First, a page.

Re: [RFCv3 2/2] dma-buf: add helpers for sharing attacher constraints with dma-parms
From: Russell King - ARM Linux
Date: Wed Feb 11 2015 - 11:23:32 EST
On Wed, Feb 11, 2015 at 01:20:24PM +0100, Marek Szyprowski wrote:
> On 2015-02-11 12:12, Russell King - ARM Linux wrote:
> >Which is a damn good reason to NAK it - by that admission, it's a half-baked
> >If all we want to know is whether the importer can accept only contiguous
> >memory or not, make a flag to do that, and allow the exporter to test this
> >flag. Don't over-engineer this to make it _seem_ like it can do something
> >that it actually totally fails with.
> >As I've already pointed out, there's a major problem if you have already
> >had a less restrictive attachment which has an active mapping, and a new
> >more restrictive attachment comes along later.
> >It seems from Rob's descriptions that we also need another flag in the
> >importer to indicate whether it wants to have a valid struct page in the
> >scatter list, or whether it (correctly) uses the DMA accessors on the
> >scatter list - so that exporters can reject importers which are buggy.
> Okay, but flag-based approach also have limitations.
Yes, the flag-based approach doesn't let you describe in detail what
the importer can accept - which, given the issues that I've raised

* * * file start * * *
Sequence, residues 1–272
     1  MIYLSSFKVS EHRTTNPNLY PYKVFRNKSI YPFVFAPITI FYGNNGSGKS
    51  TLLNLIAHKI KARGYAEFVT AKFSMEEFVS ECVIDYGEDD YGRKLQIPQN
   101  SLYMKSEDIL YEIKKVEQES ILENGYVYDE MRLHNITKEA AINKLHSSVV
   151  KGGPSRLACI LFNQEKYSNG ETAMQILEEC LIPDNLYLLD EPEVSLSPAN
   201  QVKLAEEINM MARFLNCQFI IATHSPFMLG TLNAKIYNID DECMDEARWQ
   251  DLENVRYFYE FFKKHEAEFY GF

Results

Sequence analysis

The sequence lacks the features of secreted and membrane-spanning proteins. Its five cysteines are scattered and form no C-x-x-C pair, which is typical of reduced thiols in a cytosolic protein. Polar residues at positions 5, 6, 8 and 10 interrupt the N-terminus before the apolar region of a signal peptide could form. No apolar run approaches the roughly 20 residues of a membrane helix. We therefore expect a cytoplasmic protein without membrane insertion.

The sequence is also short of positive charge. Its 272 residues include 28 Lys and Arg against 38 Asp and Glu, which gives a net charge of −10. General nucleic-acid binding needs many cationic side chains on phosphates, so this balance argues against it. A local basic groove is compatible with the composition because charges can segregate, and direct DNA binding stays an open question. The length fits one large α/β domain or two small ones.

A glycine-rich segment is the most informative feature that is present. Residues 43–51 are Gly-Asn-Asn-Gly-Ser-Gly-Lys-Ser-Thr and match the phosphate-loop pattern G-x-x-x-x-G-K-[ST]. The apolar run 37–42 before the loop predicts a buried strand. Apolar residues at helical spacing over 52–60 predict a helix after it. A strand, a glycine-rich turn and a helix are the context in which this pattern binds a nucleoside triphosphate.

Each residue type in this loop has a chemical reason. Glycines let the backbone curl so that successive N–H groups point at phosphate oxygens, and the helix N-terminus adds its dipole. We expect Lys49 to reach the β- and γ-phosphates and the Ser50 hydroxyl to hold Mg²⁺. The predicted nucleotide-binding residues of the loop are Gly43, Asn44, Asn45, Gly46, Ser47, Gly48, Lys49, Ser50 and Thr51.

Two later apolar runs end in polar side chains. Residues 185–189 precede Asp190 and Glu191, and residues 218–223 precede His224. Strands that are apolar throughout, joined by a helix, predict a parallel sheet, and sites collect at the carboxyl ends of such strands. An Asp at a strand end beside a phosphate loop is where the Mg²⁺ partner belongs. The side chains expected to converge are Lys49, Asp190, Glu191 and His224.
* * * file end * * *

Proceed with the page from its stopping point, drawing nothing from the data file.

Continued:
is a *good* thing. We won't be misleading anyone into thinking that
we can do something that's really half-baked, and which we have no
present requirement for.
This is precisely what Linus talks about when he says "don't over-
engineer" - if we over-engineer this, we end up with something that
sort-of works, and that's a bad thing.
The Keep It Simple approach here makes total sense - what are our
current requirements - to be able to say that an importer can only accept:
- contiguous memory rather than a scatterlist
- scatterlists with struct page pointers
Does solving that need us to compare all the constraints of each and
every importer, possibly ending up with constraints which can't be
satisfied? No. Does the flag approach satisfy the requirements? Yes.
> Frankly, if we want to make it really portable and sharable between devices,
> then IMO we should get rid of struct scatterlist and replace it with simple
> array of pfns in dma_buf. This way at least the problem of missing struct
> page will be solved and the buffer representation will be also a bit more
... and move the mapping and unmapping of the PFNs to the importer,
which IMHO is where it should already be (so the importer can decide
when it should map the buffer itself independently of getting the
details of the buffer.)
> Such solution however also requires extending dma-mapping API to handle
> mapping and unmapping of such pfn arrays. The advantage of this approach
> is the fact that it will be completely new API, so it can be designed
> well from the beginning.
As far as I'm aware, there was no big discussion of the dma_buf API -
it's something that just appeared one day (I don't remember seeing it
discussed.) So, that may well be a good thing if it means we can get
these kinds of details better hammered out.